danidee27 has written 12 entries about this goal

Killer At Large

Another health-conscious documentary that shed some light on the triggers from society that push towards unhealthy habits and obesity.
It’s obvious that we need to take more steps to be a healthier nation, starting with youth.



12. Bears

How could I forget this one?
We went to go see the newest Disney nature documentaries over the weekend and loved it.
Such cute little baby bears and it was great watching them travel and grow. A truly enjoyable film.



11. Fat, Sick, and Nearly Dead

I was impressed by this one; another testament on how damaging the American diet can be, and how it can be remedied by taking care to eat veggies and fruit.

This documentary promotes juicing specifically, which is perfect because I ordered a juicer last week. I think I will try an all juice fast when I get it, do the Reboot and see where that gets me.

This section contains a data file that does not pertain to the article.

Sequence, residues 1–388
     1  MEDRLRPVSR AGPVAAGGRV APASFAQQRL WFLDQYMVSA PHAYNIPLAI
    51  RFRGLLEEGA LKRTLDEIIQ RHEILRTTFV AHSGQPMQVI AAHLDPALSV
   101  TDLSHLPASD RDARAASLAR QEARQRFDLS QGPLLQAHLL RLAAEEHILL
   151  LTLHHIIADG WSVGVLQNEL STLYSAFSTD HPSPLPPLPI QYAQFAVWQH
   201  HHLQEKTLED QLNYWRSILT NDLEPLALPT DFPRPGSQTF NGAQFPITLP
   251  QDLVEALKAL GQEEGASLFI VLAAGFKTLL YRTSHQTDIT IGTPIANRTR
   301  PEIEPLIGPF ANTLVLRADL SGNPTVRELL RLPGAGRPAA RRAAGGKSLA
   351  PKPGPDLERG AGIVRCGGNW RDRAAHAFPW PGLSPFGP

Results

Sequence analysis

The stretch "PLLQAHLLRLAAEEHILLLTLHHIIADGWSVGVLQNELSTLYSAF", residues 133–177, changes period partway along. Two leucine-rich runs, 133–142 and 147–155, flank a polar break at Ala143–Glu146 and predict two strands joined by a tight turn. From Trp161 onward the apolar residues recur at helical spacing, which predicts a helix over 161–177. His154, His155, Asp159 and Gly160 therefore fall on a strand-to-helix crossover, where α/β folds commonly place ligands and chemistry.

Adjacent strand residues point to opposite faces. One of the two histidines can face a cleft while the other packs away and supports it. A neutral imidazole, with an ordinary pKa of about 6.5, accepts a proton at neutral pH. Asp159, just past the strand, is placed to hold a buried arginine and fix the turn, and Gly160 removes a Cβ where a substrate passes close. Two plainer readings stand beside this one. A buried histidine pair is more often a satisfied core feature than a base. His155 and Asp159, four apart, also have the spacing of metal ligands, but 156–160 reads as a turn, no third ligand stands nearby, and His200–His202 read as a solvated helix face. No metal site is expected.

10. Hungry for Change

This one was particularly illuminating given my recent struggles and I am glad I watched it.
I wasn’t entirely thrilled with the format, but in the end it was effective.
I’m going to start paying more attention to the artificial sweeteners, especially in conjunction with caffeine like I’m taking now. Sugar itself and refined carbs also need to be watched.

I’ll be watching this again in a week or two as I make progress to incorporate more about visualization and positive affirmations.

This is good for anyone struggling with eating healty, losing weight, taking care of themselves, and feeling their best.



9. Food Fight

I enjoyed this one, although it wasn’t what I expected.